Without doubt, The Map of Time is a very strange book. Peculiar, even. But there’s a very high chance that it will catch hold of your imagination and, through the sheer quality of the writing, you will not want it to let go.
The Map of a Time has a plot that defies description. However, to put it as simply and as non-spoilery as possible, it is set in London at the end of the 19th century, a time when Jack the Ripper terrorised the East End, when women longed for freedom and many people were newly aware of the tremendous possibilities that scientific and industrial inventions opened up. The novel follows three people: Andrew Harrington, a young gentleman who will do anything to save the life of his Marie Kelly, a victim of the Ripper, and in so doing save himself; Clare Haggerty finds nothing to fit in her own time, she dreams of the future and a mysterious Captain; H.G. Wells, the creator of The Time Machine, to whom everyone looks for answers.
The answer may be found in one man’s claim that he can take you, in his carriage, through the fourth dimension into the future. The year 2000 to be precise when man fought his most epic battle against the automatons.
But that is the bare bones. This novel is like watching a story through shards of a broken mirror. Absolutely nothing is what it seems and yet everything is fascinating. Even the narrator has a persona that is mysterious. The layering is intricate and superb in its knitting together. But what drives this novel on, except for the reader’s sheer curiosity in what on earth may unfold in it next, is the characterisation. Not only the three principal characters but also everyone else we meet along the way. Many of them are presented as giants, stamping their path through people’s lives and history, and some are familiar, including the Elephant Man. But others, although imagined, feel just as real and it is difficult to determine who and what is to be trusted.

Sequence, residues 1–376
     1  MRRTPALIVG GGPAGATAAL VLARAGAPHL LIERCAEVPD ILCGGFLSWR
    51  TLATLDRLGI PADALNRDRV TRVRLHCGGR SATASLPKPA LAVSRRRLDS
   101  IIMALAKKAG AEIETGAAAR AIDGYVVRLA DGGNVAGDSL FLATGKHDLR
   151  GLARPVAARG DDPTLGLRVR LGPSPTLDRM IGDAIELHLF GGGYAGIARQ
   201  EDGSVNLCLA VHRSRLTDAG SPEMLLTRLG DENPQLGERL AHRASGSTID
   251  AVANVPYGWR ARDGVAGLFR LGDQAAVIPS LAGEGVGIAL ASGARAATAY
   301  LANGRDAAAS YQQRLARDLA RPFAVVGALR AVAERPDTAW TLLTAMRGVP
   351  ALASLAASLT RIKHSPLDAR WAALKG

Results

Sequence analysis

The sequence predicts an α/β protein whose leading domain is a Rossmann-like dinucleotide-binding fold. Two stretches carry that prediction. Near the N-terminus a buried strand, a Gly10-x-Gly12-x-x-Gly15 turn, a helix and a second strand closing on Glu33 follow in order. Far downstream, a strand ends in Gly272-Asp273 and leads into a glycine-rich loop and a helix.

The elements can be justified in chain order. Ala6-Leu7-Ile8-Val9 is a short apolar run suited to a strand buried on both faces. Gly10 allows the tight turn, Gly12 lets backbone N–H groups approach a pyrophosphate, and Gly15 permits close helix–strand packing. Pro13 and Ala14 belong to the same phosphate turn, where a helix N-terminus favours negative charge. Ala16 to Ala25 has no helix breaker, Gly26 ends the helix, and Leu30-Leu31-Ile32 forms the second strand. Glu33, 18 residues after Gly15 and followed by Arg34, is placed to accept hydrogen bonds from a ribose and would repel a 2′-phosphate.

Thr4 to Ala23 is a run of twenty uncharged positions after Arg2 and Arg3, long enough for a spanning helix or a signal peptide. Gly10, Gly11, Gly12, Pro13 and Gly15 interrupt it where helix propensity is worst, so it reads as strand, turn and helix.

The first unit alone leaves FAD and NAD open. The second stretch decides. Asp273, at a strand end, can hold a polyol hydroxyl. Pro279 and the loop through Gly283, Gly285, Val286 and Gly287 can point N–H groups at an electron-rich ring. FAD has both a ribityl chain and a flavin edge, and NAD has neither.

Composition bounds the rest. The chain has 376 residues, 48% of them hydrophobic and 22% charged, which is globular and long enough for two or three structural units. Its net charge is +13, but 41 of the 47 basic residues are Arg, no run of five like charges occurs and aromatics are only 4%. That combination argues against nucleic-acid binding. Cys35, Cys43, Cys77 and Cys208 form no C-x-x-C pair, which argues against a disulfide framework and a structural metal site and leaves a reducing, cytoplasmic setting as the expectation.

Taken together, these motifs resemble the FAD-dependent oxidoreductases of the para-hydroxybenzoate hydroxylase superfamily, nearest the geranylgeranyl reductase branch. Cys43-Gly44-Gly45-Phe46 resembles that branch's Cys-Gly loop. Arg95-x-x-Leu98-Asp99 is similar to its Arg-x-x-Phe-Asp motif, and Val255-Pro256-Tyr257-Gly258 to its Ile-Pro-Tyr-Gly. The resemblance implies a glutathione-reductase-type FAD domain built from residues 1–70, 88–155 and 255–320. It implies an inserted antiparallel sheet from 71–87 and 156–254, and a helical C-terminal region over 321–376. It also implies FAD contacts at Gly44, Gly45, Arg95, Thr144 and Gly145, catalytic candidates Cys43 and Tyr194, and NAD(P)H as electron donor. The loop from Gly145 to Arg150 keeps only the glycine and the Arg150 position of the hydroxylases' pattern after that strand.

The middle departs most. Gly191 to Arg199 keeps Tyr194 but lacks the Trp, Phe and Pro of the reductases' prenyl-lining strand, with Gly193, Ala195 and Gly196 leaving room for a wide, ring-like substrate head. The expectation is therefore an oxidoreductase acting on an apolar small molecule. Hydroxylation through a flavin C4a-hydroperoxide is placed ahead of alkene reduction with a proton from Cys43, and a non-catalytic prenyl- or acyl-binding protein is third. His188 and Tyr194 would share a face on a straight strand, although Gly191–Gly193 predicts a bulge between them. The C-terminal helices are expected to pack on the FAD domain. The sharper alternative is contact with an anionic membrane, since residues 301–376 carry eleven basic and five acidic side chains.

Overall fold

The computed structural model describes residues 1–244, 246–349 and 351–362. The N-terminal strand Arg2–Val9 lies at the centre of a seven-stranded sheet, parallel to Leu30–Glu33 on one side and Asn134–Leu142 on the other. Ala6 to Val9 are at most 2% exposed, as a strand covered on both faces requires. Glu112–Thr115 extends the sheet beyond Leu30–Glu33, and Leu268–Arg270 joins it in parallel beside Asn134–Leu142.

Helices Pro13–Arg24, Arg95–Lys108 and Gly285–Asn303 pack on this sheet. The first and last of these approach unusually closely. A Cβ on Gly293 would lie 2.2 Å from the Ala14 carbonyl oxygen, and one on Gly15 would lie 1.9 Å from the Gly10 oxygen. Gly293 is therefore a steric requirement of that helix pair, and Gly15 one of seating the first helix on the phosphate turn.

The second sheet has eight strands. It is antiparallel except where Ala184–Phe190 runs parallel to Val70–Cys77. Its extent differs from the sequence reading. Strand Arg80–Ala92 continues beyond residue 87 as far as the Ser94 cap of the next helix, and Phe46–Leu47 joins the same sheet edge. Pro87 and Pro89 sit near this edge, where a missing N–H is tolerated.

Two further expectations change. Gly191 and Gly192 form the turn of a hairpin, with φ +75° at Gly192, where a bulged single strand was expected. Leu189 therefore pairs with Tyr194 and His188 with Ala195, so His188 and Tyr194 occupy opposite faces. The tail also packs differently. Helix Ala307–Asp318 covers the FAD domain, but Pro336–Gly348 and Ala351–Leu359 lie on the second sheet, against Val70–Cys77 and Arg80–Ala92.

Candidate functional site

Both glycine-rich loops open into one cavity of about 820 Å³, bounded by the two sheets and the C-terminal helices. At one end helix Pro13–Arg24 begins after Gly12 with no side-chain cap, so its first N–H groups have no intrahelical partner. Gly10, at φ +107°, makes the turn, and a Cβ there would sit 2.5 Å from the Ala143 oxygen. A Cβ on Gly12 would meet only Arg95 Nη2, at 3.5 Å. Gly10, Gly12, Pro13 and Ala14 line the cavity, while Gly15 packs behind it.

You can pick your genre for this one: historical fiction, crime fiction, thriller, science fiction, time travel, steampunk, romance. Felix Palma picks his way through the genres with a skill that must be read to be believed.The author’s, or narrator’s, persona has a powerful presence in The Map of Time. It will play tricks on you. But the language of this book is beautifully crafted, and credit is certainly owed to the translator.
Above all, The Map of Time is a fun read. It’s extremely difficult to talk about without spoilers but once you start it’s hard to stop.